The UK’s Online Safety Bill (OSB), targeting social media companies’ user safety, has been passed after six years of deliberation. The legislation mandates platforms to protect from harmful content and remove illegal material. Critics argue it curtails free speech and gives excessive power to tech giants and regulators. Companies face fines up to £18m for non-compliance. 


The Online Safety Bill, targeting social media firms’ user safety responsibilities, has successfully passed its final Parliamentary debate. This legislation mandates platforms to promptly remove illegal content and safeguard children from harmful material. Non-compliance could lead to substantial fines. Technology Secretary Michelle Donelan praised the bill’s comprehensive nature, noting that tech firms are already adapting in anticipation.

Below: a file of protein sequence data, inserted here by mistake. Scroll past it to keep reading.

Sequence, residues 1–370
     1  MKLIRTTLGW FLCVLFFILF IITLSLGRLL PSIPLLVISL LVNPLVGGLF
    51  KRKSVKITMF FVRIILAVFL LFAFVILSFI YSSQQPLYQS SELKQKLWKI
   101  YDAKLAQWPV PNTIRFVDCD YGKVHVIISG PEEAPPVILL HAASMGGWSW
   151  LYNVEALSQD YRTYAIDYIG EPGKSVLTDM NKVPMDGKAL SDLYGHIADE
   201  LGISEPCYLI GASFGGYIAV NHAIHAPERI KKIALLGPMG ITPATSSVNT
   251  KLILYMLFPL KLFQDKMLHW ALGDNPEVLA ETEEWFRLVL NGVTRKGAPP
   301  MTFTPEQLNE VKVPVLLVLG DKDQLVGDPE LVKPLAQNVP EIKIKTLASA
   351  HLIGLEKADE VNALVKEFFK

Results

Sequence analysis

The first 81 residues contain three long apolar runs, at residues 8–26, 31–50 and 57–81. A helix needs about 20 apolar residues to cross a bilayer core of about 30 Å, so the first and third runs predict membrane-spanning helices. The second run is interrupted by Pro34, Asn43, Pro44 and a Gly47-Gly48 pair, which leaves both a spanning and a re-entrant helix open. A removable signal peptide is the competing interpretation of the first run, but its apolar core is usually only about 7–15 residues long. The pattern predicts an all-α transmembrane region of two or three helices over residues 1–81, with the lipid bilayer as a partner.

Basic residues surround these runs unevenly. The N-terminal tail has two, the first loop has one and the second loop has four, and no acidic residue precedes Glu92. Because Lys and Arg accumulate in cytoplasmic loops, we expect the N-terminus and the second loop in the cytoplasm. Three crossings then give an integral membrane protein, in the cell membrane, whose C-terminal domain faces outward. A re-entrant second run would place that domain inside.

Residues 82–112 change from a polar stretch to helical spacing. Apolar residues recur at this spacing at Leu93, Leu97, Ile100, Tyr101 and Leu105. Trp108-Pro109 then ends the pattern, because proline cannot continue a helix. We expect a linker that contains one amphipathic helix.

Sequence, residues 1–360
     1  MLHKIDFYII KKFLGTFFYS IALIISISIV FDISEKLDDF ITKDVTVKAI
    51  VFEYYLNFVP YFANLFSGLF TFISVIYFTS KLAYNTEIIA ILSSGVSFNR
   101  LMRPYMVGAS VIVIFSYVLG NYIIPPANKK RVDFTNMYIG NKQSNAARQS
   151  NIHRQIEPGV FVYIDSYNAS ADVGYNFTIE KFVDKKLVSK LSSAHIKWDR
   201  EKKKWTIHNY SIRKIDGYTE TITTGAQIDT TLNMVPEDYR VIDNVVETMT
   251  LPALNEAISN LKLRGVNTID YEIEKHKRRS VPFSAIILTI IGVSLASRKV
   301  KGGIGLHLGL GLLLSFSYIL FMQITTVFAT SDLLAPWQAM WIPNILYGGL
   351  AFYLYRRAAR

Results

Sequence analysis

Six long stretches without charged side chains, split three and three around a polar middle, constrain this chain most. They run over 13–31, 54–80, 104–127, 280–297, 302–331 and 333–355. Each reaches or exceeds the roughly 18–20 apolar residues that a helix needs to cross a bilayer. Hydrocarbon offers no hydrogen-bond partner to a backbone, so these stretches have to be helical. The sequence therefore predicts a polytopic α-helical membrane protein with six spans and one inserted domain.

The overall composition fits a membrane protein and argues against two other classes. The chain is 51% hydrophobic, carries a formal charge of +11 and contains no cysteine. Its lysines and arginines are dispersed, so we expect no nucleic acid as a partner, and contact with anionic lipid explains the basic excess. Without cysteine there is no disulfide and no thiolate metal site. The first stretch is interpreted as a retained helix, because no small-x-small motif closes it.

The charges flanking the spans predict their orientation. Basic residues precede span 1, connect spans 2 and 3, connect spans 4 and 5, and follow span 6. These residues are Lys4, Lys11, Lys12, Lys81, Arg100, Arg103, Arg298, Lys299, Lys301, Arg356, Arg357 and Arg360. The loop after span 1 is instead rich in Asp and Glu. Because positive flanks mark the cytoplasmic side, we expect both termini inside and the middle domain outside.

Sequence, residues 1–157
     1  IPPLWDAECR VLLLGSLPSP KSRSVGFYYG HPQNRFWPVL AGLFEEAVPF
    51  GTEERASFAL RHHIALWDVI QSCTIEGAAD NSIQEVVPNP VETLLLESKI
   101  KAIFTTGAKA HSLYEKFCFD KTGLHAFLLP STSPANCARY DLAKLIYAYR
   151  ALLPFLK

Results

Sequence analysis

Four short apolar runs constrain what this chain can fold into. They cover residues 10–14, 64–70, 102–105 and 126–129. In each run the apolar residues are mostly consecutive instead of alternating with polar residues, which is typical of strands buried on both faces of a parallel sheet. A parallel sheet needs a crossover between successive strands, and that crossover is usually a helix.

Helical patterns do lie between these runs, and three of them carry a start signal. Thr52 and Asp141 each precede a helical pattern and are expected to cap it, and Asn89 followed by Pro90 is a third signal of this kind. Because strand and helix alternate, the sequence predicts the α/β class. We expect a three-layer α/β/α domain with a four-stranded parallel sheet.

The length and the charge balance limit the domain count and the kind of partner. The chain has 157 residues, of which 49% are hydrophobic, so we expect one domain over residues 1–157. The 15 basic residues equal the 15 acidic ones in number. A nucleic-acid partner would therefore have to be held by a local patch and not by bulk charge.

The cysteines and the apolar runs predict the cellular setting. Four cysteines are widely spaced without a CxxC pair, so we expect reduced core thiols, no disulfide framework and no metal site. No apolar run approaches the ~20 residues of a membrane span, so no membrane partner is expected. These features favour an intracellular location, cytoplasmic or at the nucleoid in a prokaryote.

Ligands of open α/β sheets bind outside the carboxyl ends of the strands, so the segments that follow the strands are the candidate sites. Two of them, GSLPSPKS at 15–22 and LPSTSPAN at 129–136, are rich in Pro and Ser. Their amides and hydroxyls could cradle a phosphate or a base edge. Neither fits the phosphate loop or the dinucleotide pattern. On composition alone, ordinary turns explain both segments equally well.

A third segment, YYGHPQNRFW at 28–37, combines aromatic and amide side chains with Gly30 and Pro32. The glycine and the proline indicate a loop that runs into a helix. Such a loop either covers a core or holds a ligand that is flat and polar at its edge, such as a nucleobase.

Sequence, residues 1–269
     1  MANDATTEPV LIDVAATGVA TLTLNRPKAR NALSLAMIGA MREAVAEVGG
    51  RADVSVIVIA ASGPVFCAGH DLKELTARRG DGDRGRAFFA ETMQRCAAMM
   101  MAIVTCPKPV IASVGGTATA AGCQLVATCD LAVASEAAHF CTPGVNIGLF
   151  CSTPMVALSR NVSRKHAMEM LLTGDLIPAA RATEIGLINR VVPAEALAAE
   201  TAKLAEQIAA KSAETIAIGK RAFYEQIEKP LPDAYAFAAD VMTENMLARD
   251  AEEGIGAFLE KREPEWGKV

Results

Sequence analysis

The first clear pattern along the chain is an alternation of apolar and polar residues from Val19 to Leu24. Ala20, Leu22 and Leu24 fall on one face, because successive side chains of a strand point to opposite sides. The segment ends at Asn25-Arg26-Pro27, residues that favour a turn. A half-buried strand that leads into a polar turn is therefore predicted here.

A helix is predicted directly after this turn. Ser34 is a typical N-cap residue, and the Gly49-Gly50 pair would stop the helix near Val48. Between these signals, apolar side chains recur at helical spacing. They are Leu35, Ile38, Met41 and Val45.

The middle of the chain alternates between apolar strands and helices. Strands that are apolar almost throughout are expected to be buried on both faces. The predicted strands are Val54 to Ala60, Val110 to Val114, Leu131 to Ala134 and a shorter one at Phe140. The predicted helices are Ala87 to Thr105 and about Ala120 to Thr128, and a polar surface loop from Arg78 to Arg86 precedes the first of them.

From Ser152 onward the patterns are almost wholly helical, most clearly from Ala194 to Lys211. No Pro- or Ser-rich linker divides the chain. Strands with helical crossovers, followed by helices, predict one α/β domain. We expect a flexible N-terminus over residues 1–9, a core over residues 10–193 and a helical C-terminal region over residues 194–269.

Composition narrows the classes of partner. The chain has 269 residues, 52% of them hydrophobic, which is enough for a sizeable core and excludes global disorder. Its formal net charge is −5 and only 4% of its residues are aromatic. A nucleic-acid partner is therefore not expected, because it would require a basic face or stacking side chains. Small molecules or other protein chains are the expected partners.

The bill’s journey began six years ago, inspired by the idea of enhancing internet safety. Prof Lorna Woods, one of the bill’s conceptualizers, expressed concerns over its complexity, fearing potential legal challenges by tech giants. The bill’s effectiveness will be gauged by its ability to prevent harmful content, like what Molly Russell encountered before her tragic death.


Critics argue the bill threatens freedom of expression, with tech companies determining content legality. Lawyer Graham Smith described it as “a deeply misconceived piece of legislation” that might jeopardize legitimate speech. Messaging services like WhatsApp and Signal have expressed concerns over potential requirements to inspect encrypted messages for harmful content.


Post royal assent, Ofcom will oversee the bill’s enforcement, drafting codes of conduct and imposing penalties for non-compliance. Dame Melanie Dawes, Ofcom’s chief executive, emphasized the bill’s significance in ensuring online safety. The bill’s success hinges on platforms being more user-responsive and addressing safety concerns.

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